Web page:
Thursday, February 11, 2010

"Don't know much about his-tor-y ..."

That's a lie. I know a lot about history, a lot about literature, a lot about music, a fair amount about poetry, a lot about politics.

And, so what? Well, so they mean a lot to me; they enrich my soul, give me perspective that I bring to my life and my writing. I value them highly, can't imagine living without the knowledge of them.

So, they must be a high value to everybody to enrich their lives and souls, right?

Nope. I apologize for such an obviously rhetorical question, but most people (many Objectivists adamantly included) just don't seem to get this point. They don't understand that there are objective values for every human on Earth that they must value highly to be happy (career, health, friendship, romance, leisure) and there are "optional" values that are chosen according to one's nature and one's chosen life-path.

History, literature, music, poetry and politics are NOT objective values; they are assuredly optional and rightly chosen in toto or partially by many of us. Therefore, being optional values, they cannot be forced upon us as objective values as adults or as children. Most arguments for "schooling" revolve around information that adults allege children must have and must have at a certain point in their lives -- as if Shakespeare or Livy's Histories will certainly enrich the lives of would-be seamstresses or car mechanics.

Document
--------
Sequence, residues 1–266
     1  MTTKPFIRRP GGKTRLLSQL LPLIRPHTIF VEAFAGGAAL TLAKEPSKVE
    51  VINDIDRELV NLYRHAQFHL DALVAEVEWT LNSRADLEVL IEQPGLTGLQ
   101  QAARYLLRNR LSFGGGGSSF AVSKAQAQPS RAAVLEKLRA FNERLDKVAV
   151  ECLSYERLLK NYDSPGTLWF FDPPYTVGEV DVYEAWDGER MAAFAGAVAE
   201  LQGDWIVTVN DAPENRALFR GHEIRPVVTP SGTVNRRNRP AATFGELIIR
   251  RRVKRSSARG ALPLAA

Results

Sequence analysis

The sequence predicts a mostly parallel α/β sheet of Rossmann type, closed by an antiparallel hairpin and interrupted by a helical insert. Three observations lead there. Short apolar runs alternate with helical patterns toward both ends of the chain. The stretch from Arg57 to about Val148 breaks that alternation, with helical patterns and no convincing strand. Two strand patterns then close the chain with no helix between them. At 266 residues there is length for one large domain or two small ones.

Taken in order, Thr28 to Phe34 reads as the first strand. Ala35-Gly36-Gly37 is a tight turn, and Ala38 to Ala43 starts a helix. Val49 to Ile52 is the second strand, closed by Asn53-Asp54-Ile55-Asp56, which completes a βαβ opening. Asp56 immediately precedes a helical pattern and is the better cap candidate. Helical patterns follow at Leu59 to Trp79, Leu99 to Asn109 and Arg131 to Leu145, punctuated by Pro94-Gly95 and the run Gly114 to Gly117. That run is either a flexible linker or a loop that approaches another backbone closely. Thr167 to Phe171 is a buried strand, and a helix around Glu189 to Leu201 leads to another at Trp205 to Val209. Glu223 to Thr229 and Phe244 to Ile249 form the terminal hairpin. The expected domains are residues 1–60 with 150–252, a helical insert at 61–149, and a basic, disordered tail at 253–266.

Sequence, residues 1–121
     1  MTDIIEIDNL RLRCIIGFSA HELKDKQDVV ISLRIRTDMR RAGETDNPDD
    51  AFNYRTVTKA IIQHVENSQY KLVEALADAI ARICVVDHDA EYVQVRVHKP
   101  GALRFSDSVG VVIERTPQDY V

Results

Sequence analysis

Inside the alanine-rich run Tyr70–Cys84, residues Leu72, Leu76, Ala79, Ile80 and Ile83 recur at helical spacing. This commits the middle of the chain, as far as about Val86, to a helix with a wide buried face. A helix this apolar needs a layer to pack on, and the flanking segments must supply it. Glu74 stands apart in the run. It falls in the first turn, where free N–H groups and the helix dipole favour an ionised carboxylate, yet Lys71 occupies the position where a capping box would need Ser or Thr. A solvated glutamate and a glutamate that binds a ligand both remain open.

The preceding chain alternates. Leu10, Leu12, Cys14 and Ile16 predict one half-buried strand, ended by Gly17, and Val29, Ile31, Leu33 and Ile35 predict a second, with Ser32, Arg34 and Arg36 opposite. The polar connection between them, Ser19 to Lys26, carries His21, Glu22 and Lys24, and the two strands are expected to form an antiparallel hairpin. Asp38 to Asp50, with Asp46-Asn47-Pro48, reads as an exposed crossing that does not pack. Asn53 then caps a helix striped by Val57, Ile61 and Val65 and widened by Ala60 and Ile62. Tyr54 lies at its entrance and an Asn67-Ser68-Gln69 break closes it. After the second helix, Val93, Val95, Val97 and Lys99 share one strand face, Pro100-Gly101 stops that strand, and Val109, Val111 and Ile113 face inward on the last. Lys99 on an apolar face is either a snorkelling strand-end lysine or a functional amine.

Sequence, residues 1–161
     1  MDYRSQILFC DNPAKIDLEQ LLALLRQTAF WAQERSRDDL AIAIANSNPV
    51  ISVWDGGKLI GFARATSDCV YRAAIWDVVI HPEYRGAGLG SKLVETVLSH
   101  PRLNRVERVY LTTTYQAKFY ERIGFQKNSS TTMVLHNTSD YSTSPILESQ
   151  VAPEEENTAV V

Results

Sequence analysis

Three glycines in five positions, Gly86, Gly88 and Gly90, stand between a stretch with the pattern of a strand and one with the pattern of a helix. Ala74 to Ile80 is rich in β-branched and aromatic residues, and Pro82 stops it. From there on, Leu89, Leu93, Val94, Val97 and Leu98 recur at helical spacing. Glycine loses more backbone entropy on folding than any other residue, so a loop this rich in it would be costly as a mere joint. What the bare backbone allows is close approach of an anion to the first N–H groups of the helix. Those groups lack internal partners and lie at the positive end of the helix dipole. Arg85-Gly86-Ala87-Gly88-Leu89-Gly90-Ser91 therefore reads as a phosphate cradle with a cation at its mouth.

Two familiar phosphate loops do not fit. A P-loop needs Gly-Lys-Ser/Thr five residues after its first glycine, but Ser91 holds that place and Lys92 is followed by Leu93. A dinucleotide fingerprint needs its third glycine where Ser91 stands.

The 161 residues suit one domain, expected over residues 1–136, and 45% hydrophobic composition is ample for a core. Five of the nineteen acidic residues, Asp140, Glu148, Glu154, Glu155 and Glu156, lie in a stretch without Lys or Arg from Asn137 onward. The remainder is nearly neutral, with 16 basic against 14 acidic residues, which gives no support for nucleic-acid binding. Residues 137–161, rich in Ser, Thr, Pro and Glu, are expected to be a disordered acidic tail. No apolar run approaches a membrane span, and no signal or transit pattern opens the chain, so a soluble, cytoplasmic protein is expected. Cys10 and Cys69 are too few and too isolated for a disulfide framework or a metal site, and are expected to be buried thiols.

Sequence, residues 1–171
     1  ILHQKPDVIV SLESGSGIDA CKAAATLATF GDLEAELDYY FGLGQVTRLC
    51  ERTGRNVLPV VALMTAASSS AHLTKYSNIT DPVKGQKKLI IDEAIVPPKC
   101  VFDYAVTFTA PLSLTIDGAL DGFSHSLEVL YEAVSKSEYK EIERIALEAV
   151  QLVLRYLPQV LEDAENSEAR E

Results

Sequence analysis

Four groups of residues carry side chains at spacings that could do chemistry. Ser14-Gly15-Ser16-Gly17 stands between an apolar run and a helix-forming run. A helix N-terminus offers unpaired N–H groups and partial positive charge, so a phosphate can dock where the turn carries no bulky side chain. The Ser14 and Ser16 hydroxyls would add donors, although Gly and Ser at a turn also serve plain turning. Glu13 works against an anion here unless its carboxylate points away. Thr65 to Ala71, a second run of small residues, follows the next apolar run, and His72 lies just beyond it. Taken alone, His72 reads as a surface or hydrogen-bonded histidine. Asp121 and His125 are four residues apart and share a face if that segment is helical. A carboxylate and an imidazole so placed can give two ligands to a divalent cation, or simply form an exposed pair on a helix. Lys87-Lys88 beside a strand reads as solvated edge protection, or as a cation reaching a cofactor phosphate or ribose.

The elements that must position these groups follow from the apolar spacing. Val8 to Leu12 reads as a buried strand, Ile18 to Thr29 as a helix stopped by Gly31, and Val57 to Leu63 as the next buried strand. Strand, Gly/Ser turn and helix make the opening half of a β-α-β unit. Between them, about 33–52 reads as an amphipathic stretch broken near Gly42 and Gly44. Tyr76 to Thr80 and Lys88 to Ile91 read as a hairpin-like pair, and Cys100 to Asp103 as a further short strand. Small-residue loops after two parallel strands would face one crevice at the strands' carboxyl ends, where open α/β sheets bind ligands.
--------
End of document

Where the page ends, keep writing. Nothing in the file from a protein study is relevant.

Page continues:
These arguments are not about information; they are about control (of children). They are projections of values, and they reveal a skepticism about children's abilities to discover their objective and optional values independently.

None of the above is not to say that a boy who decides to be a car or airplane mechanic at an early age won't seek to know Shakespeare's works or the Gallic campaigns of Caesar. But that boy (or girl) may go through his entire life seeking only a greater understanding of a particular mechanics, of his favorite sport, of wood carving, of fly fishing, of youth-league baseball, of sewing -- and never once give a thought to history, literature, classical music, poetry or politics.

And if he's being objective, he'll be quite happy.

2 comments:

Sara said...

I enjoy your thoughtful writing. Thanks for putting it out :)

When schools or parents or anyone who holds power over a child pushes information or skills on a child against the child's will, no matter how well-intentioned "for the child's own good," I interpret that action as abuse, albeit widespread acceptable, virtually invisible abuse.

David Elmore said...

Thanks, Sara. I agree with the "abuse" comment. Psychological abuse is much more common than physical abuse -- and much more subtle.
Many parents think they are unschooling or, at least, are not abusive parents, when, in fact, they can often be the most controlling. It starts with people not knowing their own minds, as I mentioned in an earlier post.
Take care.
David